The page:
Wednesday, March 6, 2024

A women's world

Last night I saw a photo of a cityscape at night, full of tall, tall buildings with spires reaching into the sky.  It reminded me of a story I'd read about someone, either the architect or the owner, adding an antenna to the top of a new building so that this would be the tallest in the world by a couple of inches.  And I thought "I don't think female architects would be so bent on a building having to be the tallest" - for the obvious reason.

That got me thinking about what else would be different if women were in charge of the world.  I don't think there would be wars, for one thing.  Women are the mothers of the sons (and now daughters) who fight the battles in a war, and I just don't think women would be so cavalier about sending their children out to face tanks and bazookas and bombs and such.  I know all of this is a generalization, but it's founded in experience and science.  Women simply aren't as aggressive as men because we're not run by testosterone.  Women are more cooperative.

Sure we have our murderers and bitches.  But so often the women who can be pointed to as making it in a man's world are women who act more like men, have adopted men's language, posture, and shows of strength.   So it's still male energy running everything.

All of this is moot, of course, because women will never be running everything for the very reason I'm talking about; we just aren't subject to that kind of aggression.  Maybe don't even want to run the world.  Long ago when my grandfather asked me what I would do first if I were made Queen of the Universe, I replied immediately "Abdicate".

When I look at a war scene, at the tanks and cannons and drones and uniforms and rifles and dead bodies, I get terribly sad.  It all seems so unnecessary.  We all know already that we share this fragile, magnificent, miraculous planet and that we are made of exactly the same organs and blood and brains, despite the differences in language, history, skin color, customs. Why on this good green Earth can't we get along?  But I guess if one country acts like a bully, other countries have to act like bigger bullies in order to win, which makes the bully act like a bigger bully which makes......

I once saw Jordan Klepper interview a MAGA follower at a Trump rally.  When he asked if she would vote for a woman for President, she was quite firm that No no no, a woman might be emotional, might be on her period and start a war.  So he asked "Haven't all wars so far been started by men?"  It actually gave her pause, but of course I have no idea if that moment actually got her to think a little more deeply about the rhetoric she parrots.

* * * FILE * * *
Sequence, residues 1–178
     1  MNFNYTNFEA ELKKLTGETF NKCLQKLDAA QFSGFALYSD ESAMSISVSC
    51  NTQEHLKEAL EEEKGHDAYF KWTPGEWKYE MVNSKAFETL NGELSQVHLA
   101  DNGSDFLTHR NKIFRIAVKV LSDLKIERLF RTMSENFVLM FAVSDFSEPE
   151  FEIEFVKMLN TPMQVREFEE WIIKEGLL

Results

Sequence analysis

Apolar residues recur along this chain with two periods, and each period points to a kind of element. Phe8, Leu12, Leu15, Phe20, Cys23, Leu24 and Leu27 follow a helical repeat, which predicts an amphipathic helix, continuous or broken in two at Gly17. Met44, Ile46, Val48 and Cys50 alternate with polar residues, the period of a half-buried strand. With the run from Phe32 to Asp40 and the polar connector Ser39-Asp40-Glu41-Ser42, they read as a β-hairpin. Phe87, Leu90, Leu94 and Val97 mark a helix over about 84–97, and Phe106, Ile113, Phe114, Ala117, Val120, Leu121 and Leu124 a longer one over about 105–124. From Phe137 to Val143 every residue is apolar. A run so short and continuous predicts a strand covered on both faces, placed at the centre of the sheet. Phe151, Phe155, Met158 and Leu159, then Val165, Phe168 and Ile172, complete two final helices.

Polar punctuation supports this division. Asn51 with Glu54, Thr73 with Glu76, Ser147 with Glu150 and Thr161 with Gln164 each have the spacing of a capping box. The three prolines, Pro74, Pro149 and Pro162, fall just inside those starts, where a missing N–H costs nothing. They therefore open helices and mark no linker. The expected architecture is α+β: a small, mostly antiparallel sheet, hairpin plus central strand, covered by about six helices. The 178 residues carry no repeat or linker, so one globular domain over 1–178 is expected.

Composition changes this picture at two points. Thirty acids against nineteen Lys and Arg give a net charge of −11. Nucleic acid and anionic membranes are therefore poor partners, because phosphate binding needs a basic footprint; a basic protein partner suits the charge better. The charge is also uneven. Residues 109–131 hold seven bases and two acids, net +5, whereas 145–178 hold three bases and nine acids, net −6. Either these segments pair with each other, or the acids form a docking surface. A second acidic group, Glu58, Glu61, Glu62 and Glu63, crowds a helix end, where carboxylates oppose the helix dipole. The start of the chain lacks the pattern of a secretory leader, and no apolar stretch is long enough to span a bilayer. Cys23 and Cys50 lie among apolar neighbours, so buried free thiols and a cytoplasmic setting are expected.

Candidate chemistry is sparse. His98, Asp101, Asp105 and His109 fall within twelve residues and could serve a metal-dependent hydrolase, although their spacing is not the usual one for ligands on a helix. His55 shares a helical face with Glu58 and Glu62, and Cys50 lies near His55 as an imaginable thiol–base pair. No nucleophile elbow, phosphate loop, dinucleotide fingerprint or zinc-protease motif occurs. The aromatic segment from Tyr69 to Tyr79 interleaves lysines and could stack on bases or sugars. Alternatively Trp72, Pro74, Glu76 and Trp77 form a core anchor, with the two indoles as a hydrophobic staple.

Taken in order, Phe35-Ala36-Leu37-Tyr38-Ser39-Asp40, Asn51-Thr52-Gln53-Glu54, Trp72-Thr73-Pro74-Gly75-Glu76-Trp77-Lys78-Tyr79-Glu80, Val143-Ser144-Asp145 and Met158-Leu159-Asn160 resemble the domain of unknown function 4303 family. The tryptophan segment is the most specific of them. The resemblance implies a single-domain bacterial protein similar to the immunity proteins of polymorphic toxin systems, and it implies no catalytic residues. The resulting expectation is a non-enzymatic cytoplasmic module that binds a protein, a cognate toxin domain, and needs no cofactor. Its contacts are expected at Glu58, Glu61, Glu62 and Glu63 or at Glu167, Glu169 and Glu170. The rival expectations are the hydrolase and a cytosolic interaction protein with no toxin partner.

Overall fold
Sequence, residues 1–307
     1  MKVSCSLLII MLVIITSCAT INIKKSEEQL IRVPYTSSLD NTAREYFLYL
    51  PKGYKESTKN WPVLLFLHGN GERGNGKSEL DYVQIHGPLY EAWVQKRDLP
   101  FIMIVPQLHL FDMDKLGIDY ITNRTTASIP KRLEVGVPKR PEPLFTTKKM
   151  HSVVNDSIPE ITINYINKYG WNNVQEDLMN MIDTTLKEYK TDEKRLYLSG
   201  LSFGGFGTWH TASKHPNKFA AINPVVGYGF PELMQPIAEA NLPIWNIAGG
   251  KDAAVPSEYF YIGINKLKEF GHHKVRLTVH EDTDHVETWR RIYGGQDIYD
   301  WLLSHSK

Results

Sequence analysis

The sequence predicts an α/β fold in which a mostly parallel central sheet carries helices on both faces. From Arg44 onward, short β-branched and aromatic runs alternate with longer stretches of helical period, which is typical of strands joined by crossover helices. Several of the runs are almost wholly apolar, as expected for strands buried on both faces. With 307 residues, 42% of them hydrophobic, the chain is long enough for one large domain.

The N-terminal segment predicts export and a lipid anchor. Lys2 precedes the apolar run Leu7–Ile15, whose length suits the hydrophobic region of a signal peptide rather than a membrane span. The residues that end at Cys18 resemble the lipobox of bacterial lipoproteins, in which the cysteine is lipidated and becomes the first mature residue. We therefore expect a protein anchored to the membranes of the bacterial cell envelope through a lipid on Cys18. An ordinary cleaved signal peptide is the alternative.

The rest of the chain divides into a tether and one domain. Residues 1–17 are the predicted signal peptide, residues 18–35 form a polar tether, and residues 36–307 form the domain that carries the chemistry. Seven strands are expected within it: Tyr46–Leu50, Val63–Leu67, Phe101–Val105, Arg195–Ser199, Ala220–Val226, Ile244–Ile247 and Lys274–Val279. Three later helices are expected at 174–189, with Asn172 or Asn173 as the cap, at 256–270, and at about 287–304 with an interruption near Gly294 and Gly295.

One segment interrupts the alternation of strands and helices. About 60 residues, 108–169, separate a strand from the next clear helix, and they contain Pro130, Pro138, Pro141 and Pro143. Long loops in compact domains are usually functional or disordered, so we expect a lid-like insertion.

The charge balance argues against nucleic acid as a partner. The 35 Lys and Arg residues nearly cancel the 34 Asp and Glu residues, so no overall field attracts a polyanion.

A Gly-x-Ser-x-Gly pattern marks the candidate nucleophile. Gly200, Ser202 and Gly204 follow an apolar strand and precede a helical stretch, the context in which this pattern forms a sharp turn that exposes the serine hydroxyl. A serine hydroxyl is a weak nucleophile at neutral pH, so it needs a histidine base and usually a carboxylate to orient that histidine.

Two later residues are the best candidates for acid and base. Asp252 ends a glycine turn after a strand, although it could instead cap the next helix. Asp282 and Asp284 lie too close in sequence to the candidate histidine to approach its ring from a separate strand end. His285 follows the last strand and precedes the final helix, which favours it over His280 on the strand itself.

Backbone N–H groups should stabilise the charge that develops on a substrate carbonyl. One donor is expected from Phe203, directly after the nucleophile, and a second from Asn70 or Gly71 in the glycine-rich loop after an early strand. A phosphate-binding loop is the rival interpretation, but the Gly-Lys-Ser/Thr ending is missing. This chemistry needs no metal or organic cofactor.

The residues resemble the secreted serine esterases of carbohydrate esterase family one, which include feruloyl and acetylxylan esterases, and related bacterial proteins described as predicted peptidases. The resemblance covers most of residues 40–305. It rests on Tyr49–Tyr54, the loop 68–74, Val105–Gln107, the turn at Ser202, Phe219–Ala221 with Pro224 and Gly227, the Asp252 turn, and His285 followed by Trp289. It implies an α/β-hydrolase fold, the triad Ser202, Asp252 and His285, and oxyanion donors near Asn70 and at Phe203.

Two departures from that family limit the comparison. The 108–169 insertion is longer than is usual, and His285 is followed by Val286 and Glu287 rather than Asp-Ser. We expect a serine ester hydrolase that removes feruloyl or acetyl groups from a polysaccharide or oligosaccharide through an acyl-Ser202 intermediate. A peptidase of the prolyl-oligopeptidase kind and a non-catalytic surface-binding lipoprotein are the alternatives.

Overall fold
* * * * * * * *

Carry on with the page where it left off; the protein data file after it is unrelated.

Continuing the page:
I could be way off base in my assumptions about how much more peaceful the world will be if it were run by women, but since it will never happen, I guess I'll never know.

Monday, March 4, 2024

Double jackpot

One night recently Sweet Hubby and I saw red lights flashing on the street outside our house.  We looked out the window to see the wife of the couple across the street being carried into an ambulance.  (She's home again and doing all right, in case you're concerned, although she has a bad case of long COVID.)

Something like that always brings to mind the fact that one day SH and I will have to deal with one of us being carried away for good.  Those thoughts make my heart clench up and my stomach drop in anticipation of how awful, how unbearable, how ghastly it's going to be to say good-bye to SH.  I don't know how I could ever recover from the loss if I were the one left behind.

But for some reason, this night another thought came close on the heels of the "Oh no, oh no!"  I remembered that I have, astoundingly, been loved every day of my entire life.  First it was my mom, whose affection, support, and warmth could always, and I mean always be counted on.  No matter how neglectful or dismissive or absent or cranky I was, she loved me unwaveringly and I knew it.

Since SH and I joined our lives almost 18 years ago, I have also been loved by him, every day, without fail, no matter what mood I'm in, whether my insecurities are rampant or I'm pouting about something or we've just had an argument.  He loves me and he tells me so many times a day and shows it in a hundred ways.